Businesses can no longer afford to take cybersecurity for granted. You can’t read the news without seeing a splashy headline about a successful hack or data breach at a well-known company. However, this isn’t just a problem for large enterprises—increasingly small and medium-sized businesses are becoming targets of cybercriminals and need to take steps to improve their security.
Yet it can be hard for small and medium-sized businesses to right size a security strategy for their unique business. A good place to start is understanding your security posture by taking this security assessment helping you answer these four questions:
- How secure are your users and accounts?
- How protected are you from threats?
- How safe is your data?
- How effectively are you managing security?
How secure are your users and accounts?
In today’s modern workplace, employees work from anywhere on any number of devices. This has been great for personal productivity, but has also created more possible points of entry for hackers to break in. One of the biggest challenges is to make it easy for your users to connect to the resources they need, from the devices they prefer, while balancing security for your company and its assets.
There are many ways to protect your accounts, but make sure you include Multi-Factor Authentication (MFA), as no password is foolproof. MFA is safer because it requires two forms of authentication to gain access. For example, you can require that users sign in with a password plus either a code generated by an application or a biometric, like fingerprints or facial recognition on a Windows 10 device. Products such as Microsoft 365 Business make it easy to enable MFA for your email, file storage, and productivity apps, adding another layer of defense to your organization’s assets.
How protected are you from threats?
The latest figures show that cybercriminals are increasingly targeting small and medium-sized business alongside big businesses. 41% of businesses with fewer than 250 employees reported an attack in the last 12 months. Fortunately, there are practical things you can do to reduce your vulnerability, and every step makes a huge difference.
Two recommendations that are low cost, or even free, include;
- Maintaining software upgrade cycles. If you don’t require that employees keep software updated and patched, consider starting. Whether it is for the operating system, servers, devices, applications, plug-ins, or any other technology, updates will reduce security vulnerabilities. Windows Analytics Update Compliance, a free tool from Microsoft, lets you know which devices are up to date with software updates and security patches.
- You can also increase your security posture through regular employee security training. The onboarding process is a good opportunity to share cybersecurity practices, but don’t stop there. Consider putting a regular security training program in place to remind employees how to detect and report suspicious links, attachments, and emails; avoid malicious websites; and download only verified applications.
How safe is your data?
One of your most valuable assets is your data. Data includes everything from a private document, to personally identifiable information, to sales projections, and more. In all cases, it will be damaging to individuals and your business if it gets into the wrong hands. You need to protect sensitive data where it lives and while it travels.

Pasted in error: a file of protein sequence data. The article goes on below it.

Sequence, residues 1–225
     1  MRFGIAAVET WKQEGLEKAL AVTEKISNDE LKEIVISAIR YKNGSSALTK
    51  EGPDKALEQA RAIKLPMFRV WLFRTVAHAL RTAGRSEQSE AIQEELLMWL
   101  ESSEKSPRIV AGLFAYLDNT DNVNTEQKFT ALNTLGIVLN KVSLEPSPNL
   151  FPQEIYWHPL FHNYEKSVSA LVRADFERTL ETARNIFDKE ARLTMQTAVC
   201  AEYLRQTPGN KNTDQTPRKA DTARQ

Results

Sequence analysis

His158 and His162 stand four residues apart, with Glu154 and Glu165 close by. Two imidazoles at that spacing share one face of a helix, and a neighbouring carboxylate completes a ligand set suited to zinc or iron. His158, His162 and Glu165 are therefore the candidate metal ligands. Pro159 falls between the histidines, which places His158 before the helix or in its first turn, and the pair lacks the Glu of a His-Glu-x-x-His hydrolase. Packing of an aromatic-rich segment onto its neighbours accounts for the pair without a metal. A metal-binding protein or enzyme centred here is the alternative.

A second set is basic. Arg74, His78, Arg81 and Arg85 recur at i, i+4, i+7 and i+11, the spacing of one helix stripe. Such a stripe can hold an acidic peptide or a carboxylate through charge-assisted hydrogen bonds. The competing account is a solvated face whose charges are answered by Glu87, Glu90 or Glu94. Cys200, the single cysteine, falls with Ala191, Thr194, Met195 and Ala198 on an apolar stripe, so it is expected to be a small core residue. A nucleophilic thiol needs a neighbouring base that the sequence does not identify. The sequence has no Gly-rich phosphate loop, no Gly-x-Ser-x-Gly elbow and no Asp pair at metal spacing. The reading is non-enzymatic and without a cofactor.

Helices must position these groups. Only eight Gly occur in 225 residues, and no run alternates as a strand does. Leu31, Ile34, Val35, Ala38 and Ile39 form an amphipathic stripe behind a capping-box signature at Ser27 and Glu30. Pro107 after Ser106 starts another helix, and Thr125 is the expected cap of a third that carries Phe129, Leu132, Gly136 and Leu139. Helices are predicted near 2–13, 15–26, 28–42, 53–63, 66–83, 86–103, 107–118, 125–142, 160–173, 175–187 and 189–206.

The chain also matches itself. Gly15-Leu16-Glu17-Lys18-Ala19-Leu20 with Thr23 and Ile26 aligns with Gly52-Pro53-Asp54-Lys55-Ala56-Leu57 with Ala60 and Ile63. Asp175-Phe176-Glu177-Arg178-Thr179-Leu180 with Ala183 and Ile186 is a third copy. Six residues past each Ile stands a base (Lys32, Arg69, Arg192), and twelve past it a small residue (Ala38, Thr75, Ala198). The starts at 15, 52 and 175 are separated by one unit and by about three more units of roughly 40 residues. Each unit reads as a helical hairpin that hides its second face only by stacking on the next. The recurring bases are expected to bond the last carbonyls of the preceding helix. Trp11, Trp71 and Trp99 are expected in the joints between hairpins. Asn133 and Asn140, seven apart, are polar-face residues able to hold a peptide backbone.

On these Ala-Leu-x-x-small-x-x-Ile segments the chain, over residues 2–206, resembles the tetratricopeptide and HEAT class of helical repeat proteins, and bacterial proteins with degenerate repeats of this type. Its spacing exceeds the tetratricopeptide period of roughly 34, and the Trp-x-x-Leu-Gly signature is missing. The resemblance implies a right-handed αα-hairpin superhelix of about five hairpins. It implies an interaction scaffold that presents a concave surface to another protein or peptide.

One way to safeguard critical documents is with encrypted access. Document-level protection helps guarantee that only authorized users can read and inspect privileged data, even when it is sent outside of your organization. This level of protection is available in certain products, such as Microsoft 365 Business, which also includes the ability to notify and educate users when they are working with sensitive data.
How effectively are you managing security?
A strong defense is more than just a set of tools and practices. You need a thoughtful approach to how you manage security. Effective security management will give you visibility into vulnerabilities across all your resources, and it will encourage consistency across your security policies. With a strategic approach, you will better understand your current risks and be able to identify opportunities to increase your protection.
A critical component of security management is periodic reviews of user access to data, devices, and networks. People, roles, and responsibilities change over time, which is why it’s good to know what roles have access to what resources. You can use this review to make sure that users have the right level of access, for the right time period, based on their role. For example, someone in HR might need to access the financial services database during a specific project. You can also make sure those that have left your organization or changed role have been de-provisioned, and you can investigate any suspicious activity that is detected.
Evaluate how well your businesses is protected
Unfortunately, it is not just the big brands that must combat cyberattacks. Small and medium-sized businesses are also at risk. We’ve given you a sampling of our recommended security best practices, but there is still more you may want to consider.
Take the Security Assessment to help you evaluate holistically how strong your current defenses are and provide specific actionable recommendations that you can put in place and Access recommendations on how to choose technology solutions that increase your employees’ security and productivity.